The works of Osman Bozkurt, a photographer and videast from Istanbul, namely the video Auto-park and the photography Rest in Peace provide an illustrative introduction into the complex interplay of feelings of belongingness and the expression of being different. Both works are explicitly concerned with ‘’investigating bizarre situations that demonstrate the nexus of social paradoxes, ironies and parodies as modes of rejection’’ (Basak Senova). What is most striking is the universal presence and recognition of the aforementioned practices, which effectively, though strange as these practices are, return them to the realm of commonality and mediocrity. In a fashion similar to Bozkurt, but with a different choice of format, a decade younger videast Osman Doğu Bingöl, chases extraordinary situations. His short work Untitled offers no comments, gives no statements but rather lightly presents a paradoxical transformation of the main character from the depreciated worker, a cleaner, to the socially critical figure of spiritual leadership, the imam. Away from the city and then back again describes the path of a Dutch-born artist Hatice Güleryüz, currently living in Istanbul. Her complex work Strange Intimacies, a video presentation supplemented by an authorial book, photographs and texts, is first and foremost an artist’s testament of alienation, migrations and the eternal need to define home, to posses feelings of belongingness. Hereby, the author walks the edge and seeks extreme illustrations just to build her story on intimate confessions of foreigners living in Istanbul, through which ‘’a kind of obsessive, hopeless and overexposed love towards this addictive and uncanny city” is revealed (Basak Senova). At the forefront of dramatization stands the highly aestheticised dialogue with the city presented in a markedly cinematic, short video Untitled by the young artist Sefer Memisoglu. The starting-point of the perpetual sequence presented in the video is the emblematic image of the Galata tower, once a symbol of power, and an overseer of the city, now lost amidst the skyscrapers and the modern centre. It is used to tell a dark yet delicate story of a childhood, as seen by the author himself. With the next author, a young Kurdish artist living in Istanbul, Ahmet Ögüt, we are led astray from the direct attachment to the city and its emblems. His realm is play, comical yet simple, his language – pronounced modesty. Thus, things remain small, short and quiet. And yet this very style of short, slow and humorous videos and animations, such as Death Kit Train and Light Armoured provide an attempt at stimulating the general awareness of daily actions, the activation of the collective consciousness and memory. The artists Canan Şenol and Erinç Seymen share the determination to convert the quiet critical perceptions and denial of memory into disclosed and committed fight against factors, which dare to obstruct their paths. They belong to two generations, live in Istanbul in visualize their work as a kind of political statement. In both of her works, namely a book entitled Nisa-I /Pertaining to the Woman and a video installation Strange creature, the artist Canan Şenol embarks on the demanding field of the ‘female question’, i.e. the feminist problematic in Islamic society. Although, the works were created with the interval of 7 years falling between them the elements employed in both cases are virtually the same- the author draws upon old, traditional heritage (manuscripts) adding contemporary flavour in due course, adding her own image (personal photographs), which allows her to internalise and personify the problem she wishes to expose, the problem that she wishes to feel on her own skin. The works of the young author Erinç Seymen are intentionally radical and provocative and thus, create ‘’humorous transgression on the recently emerged sensitivities of moral conservativism, homophobia and the institution of religion’’ (Erden Kosova). In the photographic installation Boys Club the author assumes the role of voyageur, in order to expose the homophobic nature of the male-centred world, which defines the life in the public sphere of the Islamic world. He goes even further flaunting about a flag mimicking the style of Nazi symbolism and bearing the name, embroidered in gothic font, of the most famous Turkish fast food dish Börek. He is being actively provocative and on the outlook for reactions to nationalistic intimidation and the art of propaganda. In the performance for a poem - part two, the author is due to perform at the opening jointly with a Slovene artistic tandem son:DA (part one took place in Istanbul, in summer 2006), the author wearing the traditional Turkish wear recites an absurdly and a blatantly nationalistic Turkish poem. The screams, the discomfort, the hiding behind the manipulated picture and sound (the performance takes place in a space inaccessible to the viewer) tell us of distress and distrust facilitated by intolerance. The series of unfinished dialogues with the city is left off at its very starting-point; the series of real-life images of Istanbul today, which, neatly wrapped and distinguished by the high quality of reproduction, may serve as official postcards. Didem Ozbek offers her series of Real postcards of Istanbul for purchase!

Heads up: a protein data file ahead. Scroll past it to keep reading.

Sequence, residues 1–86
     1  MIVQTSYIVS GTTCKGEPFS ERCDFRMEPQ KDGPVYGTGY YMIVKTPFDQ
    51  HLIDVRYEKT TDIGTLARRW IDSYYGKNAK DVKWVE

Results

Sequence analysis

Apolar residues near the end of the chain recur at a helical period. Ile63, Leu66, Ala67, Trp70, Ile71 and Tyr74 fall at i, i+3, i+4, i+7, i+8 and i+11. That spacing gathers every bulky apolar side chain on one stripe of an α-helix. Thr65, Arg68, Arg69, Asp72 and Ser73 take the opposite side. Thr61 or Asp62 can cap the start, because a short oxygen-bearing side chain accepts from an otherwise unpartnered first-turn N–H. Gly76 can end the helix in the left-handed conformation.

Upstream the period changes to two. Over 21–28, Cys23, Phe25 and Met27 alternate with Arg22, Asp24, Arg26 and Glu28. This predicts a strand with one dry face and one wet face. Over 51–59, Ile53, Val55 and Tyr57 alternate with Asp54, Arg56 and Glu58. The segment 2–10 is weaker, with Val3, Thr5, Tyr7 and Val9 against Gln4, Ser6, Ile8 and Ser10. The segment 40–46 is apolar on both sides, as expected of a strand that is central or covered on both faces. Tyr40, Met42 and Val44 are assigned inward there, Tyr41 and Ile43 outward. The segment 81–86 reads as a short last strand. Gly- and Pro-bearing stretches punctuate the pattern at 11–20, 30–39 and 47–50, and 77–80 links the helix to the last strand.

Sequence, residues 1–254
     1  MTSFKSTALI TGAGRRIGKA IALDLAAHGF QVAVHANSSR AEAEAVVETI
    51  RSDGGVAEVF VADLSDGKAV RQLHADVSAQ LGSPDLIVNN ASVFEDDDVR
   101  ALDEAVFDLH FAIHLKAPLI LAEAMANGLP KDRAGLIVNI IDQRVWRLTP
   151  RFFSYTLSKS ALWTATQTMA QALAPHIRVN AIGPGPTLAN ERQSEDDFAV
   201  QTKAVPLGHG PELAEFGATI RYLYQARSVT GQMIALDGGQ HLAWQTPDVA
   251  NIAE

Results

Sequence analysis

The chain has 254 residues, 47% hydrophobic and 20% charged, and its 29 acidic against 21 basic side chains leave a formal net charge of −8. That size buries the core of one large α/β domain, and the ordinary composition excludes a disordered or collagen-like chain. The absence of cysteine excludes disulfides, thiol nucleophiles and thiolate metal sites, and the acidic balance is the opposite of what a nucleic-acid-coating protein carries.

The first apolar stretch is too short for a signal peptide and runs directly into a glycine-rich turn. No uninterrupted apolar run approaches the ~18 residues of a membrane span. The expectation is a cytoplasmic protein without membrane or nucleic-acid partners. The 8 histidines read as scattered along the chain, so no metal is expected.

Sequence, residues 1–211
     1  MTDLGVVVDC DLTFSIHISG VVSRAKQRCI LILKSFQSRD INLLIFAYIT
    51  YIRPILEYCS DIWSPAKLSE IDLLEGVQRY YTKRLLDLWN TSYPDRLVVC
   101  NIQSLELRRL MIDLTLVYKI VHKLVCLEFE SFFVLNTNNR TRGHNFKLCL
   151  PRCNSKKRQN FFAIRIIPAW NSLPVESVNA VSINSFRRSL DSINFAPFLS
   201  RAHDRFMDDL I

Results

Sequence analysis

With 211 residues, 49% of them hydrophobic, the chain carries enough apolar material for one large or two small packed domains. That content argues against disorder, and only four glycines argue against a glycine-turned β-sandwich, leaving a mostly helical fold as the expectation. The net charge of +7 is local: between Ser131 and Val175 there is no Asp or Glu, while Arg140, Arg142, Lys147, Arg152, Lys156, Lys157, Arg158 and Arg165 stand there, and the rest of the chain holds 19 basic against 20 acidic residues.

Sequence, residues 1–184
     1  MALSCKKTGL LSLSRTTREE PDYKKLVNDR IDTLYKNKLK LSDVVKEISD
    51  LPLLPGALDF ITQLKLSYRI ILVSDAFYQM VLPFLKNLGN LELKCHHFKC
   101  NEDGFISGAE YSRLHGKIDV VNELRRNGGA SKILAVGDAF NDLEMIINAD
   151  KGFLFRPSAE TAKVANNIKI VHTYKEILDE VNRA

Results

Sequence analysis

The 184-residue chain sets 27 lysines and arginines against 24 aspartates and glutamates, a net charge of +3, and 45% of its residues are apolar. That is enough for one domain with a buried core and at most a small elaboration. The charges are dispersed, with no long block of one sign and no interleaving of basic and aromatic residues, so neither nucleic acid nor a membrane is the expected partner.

Special thank for help and adwice to: Mrs. Beral Madra, Art Critic and Curator; Platform Garanti Contemporary Art Center, Istanbul.

Exhibition will be inaugurated by Ms. Naciye Gökçen Kaya, First Counsellor, Embassy of the Republic of Turkey in Ljubljana.

Project supported by: Ministry for Culture of Republic of Slovenia, City Chamber Maribor, Turkish Airlines, RTS

Simona Vidmar, Senior Curator
02/ 250 25 43, 02/ 22 95 860, 041 369681